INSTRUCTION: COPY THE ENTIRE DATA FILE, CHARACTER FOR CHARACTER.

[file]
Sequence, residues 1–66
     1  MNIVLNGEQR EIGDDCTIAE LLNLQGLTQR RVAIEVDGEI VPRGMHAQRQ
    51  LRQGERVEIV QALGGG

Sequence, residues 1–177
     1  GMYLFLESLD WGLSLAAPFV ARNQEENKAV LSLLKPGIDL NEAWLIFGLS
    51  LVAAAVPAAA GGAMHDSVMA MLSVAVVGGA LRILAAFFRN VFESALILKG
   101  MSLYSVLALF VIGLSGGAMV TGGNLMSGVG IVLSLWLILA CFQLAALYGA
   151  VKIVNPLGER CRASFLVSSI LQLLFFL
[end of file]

Sequence, residues 1–66
     1  MNIVLNGEQR EIGDDCTIAE LLNLQGLTQR RVAIEVDGEI VPRGMHAQRQ
    51  LRQGERVEIV QALGGG

Sequence, residues 1–177
     1  GMYLFLESLD WGLSLAAPFV ARNQEENKAV LSLLKPGIDL NEAWLIFGLS
    51  LVAAAVPAAA GGAMHDSVMA MLSVAVVGGA LRILAAFFRN VFESALILKG
   101  MSLYSVLALF VIGLSGGAMV TGGNLMSGVG IVLSLWLILA CFQLAALYGA
   151  VKIVNPLGER CRASFLVSSI LQLLFFL